Contemporary Art in Mexico

Some years ago a friend of mine told me she was visually exhausted after her first trip to Mexico. Far from offensive, her confession was of gratitude to life... few days after she started painting.

Some years ago a friend of mine told me she was visually exhausted after her first trip to Mexico. Far from offensive, her confession was of gratitude to life... few days after she started painting.

It is natural that there are so many people capturing light in visual arts in a land with exceptional color profusion. Thus, if we talk about contemporary art in Mexico, we have to talk long and especially about painting. In our days Mexican visual arts are alive and kicking, showing us there is art after Frida Khalo.

After the post-revolution Muralism, there came the break-off generation proposing a more individual and non nationalist art. Painters such as Jose Luis Cuevas exploring volume distortion with economy of color in order to represent social perceptions, and Rufino Tamayo who rescues the purity of color and texture and mixes it with cubist compositions, are representative from this generation.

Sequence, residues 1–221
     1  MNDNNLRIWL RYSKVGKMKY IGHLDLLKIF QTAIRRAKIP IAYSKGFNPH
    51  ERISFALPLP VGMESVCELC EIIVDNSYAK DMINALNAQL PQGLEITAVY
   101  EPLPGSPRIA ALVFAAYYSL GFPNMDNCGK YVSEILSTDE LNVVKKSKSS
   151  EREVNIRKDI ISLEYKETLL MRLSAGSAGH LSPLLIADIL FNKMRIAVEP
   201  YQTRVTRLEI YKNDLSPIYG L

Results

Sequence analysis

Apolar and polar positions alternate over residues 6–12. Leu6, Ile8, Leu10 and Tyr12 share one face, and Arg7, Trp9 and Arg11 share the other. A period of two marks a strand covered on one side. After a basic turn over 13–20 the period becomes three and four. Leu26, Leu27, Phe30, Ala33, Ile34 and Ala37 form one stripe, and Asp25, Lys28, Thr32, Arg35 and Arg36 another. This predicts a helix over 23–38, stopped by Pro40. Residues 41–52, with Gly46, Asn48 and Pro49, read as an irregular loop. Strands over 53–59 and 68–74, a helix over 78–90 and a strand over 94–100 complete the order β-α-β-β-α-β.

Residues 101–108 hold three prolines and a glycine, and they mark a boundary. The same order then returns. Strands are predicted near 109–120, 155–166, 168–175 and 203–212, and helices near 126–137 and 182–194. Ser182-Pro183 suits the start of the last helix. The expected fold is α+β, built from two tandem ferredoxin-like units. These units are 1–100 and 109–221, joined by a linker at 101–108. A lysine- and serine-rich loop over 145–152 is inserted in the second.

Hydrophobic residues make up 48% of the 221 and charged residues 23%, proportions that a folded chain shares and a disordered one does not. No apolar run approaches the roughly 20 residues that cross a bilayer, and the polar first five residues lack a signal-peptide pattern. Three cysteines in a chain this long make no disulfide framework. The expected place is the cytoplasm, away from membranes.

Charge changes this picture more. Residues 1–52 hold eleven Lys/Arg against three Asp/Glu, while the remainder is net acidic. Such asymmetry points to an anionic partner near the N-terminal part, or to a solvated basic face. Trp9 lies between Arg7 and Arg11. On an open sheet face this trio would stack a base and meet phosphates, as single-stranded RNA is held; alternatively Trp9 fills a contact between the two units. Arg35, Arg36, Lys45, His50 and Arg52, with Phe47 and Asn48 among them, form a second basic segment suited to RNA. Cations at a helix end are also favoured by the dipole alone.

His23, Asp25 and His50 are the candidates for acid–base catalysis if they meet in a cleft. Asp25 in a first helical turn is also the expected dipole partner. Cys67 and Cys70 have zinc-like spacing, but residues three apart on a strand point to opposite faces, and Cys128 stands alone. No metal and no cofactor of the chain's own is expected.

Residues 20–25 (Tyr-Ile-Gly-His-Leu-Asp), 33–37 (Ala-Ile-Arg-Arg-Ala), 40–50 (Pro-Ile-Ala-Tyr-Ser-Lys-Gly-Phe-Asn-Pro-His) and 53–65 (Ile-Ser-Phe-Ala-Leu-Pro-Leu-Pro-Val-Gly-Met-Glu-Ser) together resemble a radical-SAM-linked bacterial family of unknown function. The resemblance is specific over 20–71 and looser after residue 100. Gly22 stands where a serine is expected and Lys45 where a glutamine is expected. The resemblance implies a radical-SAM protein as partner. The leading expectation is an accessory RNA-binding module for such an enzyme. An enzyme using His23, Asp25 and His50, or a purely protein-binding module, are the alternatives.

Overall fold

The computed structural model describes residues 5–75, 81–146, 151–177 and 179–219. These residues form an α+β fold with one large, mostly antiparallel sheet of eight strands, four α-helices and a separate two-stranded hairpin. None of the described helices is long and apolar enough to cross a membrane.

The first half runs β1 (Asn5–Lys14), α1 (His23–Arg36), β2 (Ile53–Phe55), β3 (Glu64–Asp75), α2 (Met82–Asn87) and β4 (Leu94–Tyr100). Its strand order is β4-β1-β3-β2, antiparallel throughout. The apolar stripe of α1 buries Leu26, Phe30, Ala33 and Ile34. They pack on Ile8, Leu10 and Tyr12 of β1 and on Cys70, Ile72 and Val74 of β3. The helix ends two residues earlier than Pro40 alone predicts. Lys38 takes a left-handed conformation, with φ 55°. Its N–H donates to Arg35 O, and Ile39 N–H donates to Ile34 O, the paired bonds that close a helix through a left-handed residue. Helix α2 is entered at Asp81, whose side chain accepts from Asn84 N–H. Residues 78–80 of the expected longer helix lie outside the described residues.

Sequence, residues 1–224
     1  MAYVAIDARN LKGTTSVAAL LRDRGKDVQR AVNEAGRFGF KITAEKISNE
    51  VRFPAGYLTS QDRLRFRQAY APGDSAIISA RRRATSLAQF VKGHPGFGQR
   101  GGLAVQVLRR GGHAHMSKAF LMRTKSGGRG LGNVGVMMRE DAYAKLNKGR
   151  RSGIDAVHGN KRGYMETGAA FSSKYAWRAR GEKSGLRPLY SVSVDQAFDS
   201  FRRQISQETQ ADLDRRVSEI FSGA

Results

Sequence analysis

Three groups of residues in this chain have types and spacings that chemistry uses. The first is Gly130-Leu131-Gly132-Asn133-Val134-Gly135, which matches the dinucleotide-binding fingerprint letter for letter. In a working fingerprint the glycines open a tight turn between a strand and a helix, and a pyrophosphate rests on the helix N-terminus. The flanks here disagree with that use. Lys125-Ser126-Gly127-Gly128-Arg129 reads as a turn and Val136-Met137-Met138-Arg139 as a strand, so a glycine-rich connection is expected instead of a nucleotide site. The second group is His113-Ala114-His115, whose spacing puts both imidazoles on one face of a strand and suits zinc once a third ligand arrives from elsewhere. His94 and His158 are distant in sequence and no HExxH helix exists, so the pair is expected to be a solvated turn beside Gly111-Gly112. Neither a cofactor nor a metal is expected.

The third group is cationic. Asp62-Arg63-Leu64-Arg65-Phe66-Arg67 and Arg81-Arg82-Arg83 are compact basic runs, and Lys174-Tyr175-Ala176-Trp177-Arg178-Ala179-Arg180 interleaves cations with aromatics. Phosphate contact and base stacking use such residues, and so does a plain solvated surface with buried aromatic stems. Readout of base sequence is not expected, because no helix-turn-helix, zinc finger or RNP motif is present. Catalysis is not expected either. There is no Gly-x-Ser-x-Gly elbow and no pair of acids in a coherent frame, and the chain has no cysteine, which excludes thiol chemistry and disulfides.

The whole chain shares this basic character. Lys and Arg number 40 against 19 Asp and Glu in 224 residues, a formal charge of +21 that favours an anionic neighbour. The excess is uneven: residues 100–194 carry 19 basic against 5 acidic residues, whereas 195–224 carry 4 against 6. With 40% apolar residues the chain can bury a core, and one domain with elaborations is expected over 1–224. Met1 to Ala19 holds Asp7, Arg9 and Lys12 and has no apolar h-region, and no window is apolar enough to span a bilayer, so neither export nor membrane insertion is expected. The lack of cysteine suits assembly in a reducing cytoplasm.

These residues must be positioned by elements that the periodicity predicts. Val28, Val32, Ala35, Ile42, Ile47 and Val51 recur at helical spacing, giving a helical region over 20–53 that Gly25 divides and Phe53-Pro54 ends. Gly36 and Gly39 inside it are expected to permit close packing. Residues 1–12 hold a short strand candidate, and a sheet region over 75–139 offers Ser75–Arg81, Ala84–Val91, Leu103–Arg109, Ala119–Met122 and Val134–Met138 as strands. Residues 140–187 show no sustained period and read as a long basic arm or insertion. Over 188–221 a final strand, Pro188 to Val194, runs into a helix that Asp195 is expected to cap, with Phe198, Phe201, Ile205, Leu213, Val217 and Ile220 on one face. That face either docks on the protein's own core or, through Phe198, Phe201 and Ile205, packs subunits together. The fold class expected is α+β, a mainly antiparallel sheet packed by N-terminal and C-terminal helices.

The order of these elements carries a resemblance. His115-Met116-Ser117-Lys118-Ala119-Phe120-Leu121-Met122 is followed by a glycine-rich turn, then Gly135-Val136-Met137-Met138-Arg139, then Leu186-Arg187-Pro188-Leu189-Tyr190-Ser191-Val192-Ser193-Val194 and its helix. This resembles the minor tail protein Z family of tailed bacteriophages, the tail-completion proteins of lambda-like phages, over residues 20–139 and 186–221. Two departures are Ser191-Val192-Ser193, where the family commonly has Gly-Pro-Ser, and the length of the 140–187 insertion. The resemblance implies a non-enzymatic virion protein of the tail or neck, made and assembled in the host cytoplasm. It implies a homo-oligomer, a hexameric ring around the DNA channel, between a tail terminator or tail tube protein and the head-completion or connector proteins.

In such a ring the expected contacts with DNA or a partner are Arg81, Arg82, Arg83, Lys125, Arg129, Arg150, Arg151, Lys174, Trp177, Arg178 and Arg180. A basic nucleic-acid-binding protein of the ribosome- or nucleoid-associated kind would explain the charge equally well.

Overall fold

In the 70’s some tourists with artistic curiosity discovered the naive style of Rodolfo Morales by the mountains of Oaxaca, telling folkloric stories with the characteristic Mexican sense of color. Fore some people these paintings are the deepest expression of the Mexican spirit, however the simplicity of the technique was easily copied. In few years the art market was invaded with this kind of works, as if they were handicraft, provoking the devaluation of real works of art.

With this unpleasant experience the new generation painters bet for more freedom at choosing their topic, technique and material, as well as a wider artistic commitment. Mexican visual arts seem less "Mexican" but more universal. Rafael Cauduro for example, offers an open social critic with the impermanence as scale. Master Toledo bets for a naturalist vision without modesty, far from traditionalism. Gullermo Olguin takes us to the prehistoric origin of visual art in a mass psychology study.

Although the most part of the production seems to come from Oaxaca, some even call it the Mexican contemporary art Mecca, we can find valuable visual executions with fresh and interesting proposals, even in unusual places such as Cancun where Leon Alva portraits the ever-changing face of the human kind, or Tijuana where Miguel Najera seduces with a static movement.

Get your eyes ready! your next visit to Mexico could change the way you see the world.